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Lab animals in the spotlight as research come under scrutiny

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13 November 2008.

Lab animals in the spotlight as research come under scrutiny.

by Sigrid Lupieri

Indistinct figures pad through the windowless corridors of Northwestern University's animal facilities in Chicago. Only their eyes peer out from the layers of surgical masks, gloves, shoe covers, head covers and long, wide laboratory coats as the scientists here care for the animals they use for research.

Government funded facilities, such as Northwestern, must follow instructions in the "Guide for the Care and Use of Laboratory Animals," but for the first time in more than 10 years, some of the directives may change.

The Institute for Laboratory Animal Research is planning updates of the guide and will welcome public opinion in an open forum at Northwestern University's Feinberg School of Medicine in Chicago on Friday from 9 a.m.-noon.

The forum is the last of four meetings throughout the country called to address animal housing and management in research facilities, veterinary care and institutional policies. With more than 18,000 mice and other mammals in its laboratories, Northwestern researchers have been keeping a close eye on the meetings and many plan to attend the Friday session.

"The Guide is not the law, but if you get government funding, the policy is that you will abide by the Guide," said Dr. Philippe Baneux, veterinarian and executive director of Northwestern's Center for Comparative Medicine. "'If it hurts a person, it will hurt an animal,' is one of the fundamental thoughts."

NU personnel try to guarantee the best treatment of animals and to ensure that the guidelines for environment, health and safety are met, said Carolyn Malinowski, quality and training manager of the center. As Malinowski opens the thick steel doors of the animal facilities with her magnetic card, she explains that night and day cycles are respected by putting red panes on these doors. Since mice cannot see the color red, they are not disturbed by the neon lights in the hallways during their sleep cycle.

To prevent the spreading of diseases as well as to keep the animals dry and clean, every mouse cage is individually ventilated. This measure also helps keep the personnel safe. "If you work with animals for a long time, you develop allergies to fur, urine and saliva," Malinowski said. "Because of ventilation, you are not breathing the same air."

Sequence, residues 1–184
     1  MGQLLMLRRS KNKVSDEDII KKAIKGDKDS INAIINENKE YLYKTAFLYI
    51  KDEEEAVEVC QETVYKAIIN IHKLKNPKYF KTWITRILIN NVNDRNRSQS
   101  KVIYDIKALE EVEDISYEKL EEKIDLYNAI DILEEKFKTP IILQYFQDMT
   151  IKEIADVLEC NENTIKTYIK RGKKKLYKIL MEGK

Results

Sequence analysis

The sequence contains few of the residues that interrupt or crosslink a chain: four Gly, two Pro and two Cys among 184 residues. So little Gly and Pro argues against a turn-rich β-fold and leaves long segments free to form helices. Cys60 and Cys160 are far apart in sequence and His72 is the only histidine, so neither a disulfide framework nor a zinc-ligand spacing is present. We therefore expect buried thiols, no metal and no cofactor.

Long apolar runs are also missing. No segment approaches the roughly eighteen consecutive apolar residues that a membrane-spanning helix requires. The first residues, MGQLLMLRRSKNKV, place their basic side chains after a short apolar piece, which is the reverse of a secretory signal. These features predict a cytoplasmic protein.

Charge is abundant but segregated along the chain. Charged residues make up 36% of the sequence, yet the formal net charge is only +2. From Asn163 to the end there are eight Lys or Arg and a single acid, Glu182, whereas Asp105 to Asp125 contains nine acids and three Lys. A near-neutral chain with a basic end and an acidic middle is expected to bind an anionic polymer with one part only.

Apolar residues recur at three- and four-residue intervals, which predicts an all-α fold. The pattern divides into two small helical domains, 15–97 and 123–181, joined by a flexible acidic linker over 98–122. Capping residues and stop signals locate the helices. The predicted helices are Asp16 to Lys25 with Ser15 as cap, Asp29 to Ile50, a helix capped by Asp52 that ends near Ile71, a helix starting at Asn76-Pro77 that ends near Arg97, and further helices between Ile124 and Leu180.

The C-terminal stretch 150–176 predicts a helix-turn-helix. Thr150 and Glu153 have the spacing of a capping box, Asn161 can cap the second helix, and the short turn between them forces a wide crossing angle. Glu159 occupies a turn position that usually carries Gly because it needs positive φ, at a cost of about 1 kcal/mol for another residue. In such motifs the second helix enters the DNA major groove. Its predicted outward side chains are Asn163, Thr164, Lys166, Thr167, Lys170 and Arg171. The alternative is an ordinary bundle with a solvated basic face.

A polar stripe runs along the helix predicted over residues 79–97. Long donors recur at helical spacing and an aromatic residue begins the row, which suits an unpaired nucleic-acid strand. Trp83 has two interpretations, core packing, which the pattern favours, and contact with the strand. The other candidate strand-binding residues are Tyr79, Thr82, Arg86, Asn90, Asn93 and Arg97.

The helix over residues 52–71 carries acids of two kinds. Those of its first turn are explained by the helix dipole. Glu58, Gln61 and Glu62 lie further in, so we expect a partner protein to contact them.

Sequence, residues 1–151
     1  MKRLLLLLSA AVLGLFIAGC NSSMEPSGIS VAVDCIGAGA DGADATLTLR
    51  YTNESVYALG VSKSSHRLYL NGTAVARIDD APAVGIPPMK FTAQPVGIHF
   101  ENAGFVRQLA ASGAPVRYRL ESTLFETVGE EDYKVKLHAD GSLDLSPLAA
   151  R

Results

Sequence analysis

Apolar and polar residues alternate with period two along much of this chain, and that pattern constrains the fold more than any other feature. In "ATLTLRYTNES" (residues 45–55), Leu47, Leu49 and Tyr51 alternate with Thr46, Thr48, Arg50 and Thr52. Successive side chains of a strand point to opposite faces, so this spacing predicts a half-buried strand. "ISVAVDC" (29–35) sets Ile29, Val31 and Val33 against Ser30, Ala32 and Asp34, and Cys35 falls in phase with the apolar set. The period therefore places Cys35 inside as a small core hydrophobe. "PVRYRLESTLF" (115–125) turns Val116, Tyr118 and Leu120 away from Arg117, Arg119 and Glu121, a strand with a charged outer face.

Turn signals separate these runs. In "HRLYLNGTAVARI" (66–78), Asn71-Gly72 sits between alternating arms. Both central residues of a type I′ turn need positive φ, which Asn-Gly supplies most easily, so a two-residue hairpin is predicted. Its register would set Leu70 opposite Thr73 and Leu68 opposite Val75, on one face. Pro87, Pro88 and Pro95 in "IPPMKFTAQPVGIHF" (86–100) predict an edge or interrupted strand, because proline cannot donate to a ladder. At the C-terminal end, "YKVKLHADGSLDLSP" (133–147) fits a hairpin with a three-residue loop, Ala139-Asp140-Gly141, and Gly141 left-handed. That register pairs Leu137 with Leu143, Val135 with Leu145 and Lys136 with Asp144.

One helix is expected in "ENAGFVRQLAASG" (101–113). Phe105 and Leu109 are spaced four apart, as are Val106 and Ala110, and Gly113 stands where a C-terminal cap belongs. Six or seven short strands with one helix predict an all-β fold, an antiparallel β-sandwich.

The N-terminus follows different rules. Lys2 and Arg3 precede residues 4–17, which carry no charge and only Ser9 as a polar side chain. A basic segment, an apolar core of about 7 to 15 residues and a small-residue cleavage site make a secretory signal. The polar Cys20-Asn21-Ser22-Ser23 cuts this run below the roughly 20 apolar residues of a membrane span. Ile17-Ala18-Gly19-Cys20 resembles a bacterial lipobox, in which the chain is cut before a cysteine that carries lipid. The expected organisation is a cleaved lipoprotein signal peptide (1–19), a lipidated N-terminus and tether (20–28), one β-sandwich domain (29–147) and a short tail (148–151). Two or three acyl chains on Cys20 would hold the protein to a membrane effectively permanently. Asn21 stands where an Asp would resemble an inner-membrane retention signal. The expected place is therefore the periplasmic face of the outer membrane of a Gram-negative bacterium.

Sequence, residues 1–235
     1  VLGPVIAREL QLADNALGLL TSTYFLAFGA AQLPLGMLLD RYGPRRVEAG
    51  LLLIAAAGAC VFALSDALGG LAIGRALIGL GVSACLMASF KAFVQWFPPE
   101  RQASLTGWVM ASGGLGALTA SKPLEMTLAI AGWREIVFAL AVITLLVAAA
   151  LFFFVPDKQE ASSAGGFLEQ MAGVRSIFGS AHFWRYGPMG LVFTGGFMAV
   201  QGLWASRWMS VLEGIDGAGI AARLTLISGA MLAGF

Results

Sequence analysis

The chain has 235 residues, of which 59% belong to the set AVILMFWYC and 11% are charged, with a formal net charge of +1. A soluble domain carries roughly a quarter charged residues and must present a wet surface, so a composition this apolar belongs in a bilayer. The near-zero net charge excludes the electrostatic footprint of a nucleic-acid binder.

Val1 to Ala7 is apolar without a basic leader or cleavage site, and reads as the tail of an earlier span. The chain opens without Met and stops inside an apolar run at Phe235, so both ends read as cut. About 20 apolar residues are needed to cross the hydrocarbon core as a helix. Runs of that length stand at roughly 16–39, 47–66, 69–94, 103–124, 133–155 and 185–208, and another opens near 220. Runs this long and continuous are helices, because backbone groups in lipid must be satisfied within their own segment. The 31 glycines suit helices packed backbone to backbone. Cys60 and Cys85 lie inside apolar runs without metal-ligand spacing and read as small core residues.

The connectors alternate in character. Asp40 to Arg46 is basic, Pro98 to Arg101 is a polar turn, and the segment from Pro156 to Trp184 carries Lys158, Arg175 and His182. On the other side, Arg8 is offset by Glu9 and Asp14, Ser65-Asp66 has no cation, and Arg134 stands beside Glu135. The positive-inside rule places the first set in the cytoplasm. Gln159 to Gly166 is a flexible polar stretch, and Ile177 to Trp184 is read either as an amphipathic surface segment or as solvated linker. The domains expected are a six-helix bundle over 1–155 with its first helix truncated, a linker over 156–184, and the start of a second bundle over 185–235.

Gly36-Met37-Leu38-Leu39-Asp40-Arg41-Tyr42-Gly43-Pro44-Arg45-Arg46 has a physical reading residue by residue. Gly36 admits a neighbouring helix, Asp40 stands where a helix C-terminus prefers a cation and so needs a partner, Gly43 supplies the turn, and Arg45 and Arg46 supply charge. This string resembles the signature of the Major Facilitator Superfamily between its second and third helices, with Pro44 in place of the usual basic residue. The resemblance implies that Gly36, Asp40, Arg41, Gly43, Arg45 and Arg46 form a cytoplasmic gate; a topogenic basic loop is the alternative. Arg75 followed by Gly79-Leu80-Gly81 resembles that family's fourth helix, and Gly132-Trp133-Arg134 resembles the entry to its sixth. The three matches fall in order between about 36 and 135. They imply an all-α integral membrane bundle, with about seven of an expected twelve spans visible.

Every one of the 18,000 mice also has a personal medical card hanging outside its cage and the record is updated twice a day by the veterinary staff.

Other measures to avoid contamination between the animals and the outside world include an air pressure system. With positive air pressure inside, Malinowski said, the air from inside the animal room is swept out when you open the door.

With negative air pressure, researchers can sweep air in from the hallway when they open the door.

The animals' social life is also an important factor. Groups of mice with their tiny babies live together in the same cage, while veterinarians interact and play with the bigger animals, such as dogs and pigs.

In addition to the basic requirements, animal laboratories have to hire a committee of at least five members to oversee the research. The members include a chair of the committee, a veterinarian, a scientist, an ethicist and a member of the community such as a lawyer, nurse or religious leader.

The committee must ensure that all regulations are met regarding the origin of the animals used for research, their disposal as well as employee training. "It's a difficult topic to address," Baneux said. "But animal research is almost more regulated than human research."

Dr. Lisa Forman, a veterinarian and Northwestern's director of the Office for Animal Welfare Assurance, said educating the public about the realities of animal research is not easy.

"It's a problem in our country because people fear science," she said.

Though animal rights demonstrations in Illinois have been contained, Malinowski said Northwestern employees at the labs are careful, as some acts of protest elsewhere have targeted individuals and their families.

At the end of the tour, she locks the massive doors to the facilities through a fingerprint scan of her hand. Malinowski explains that security is tight to prevent people from breaking in. Thanks to the Enterprise Terrorism Law, she says, breaking into labs is now a federal offense.

Researchers at Northwestern University care for pigs that participate in the experiments.

More than 18,000 mice are kept at Northwestern labs in individually ventilated cages. This keeps the environment dry and clean and diminishes the chances of allergies for staff members.

Dogs are used for studies on heart disease at Northwestern University. When possible, they are adopted out when the experiments are over. News/Chicago/Images/Science/Dog(3).jpg

In the meantime, staff and vets play with the animals.

Do lab animals benefit from science?

New imaging technologies, such as digital X-ray, MRIs and ultrasound, spare animals the ordeal of invasive procedures to see what's going on within the animal.

Drug developments over the past four years allow researchers to use gas anesthesia even for small animals instead of injections.

Individually ventilated cages provide a better environment with less humidity, bacteria and ammonia.

Greater focus on animal care has led to better trained staff.

Certification programs encourage technicians to undergo more training for monetary gain.

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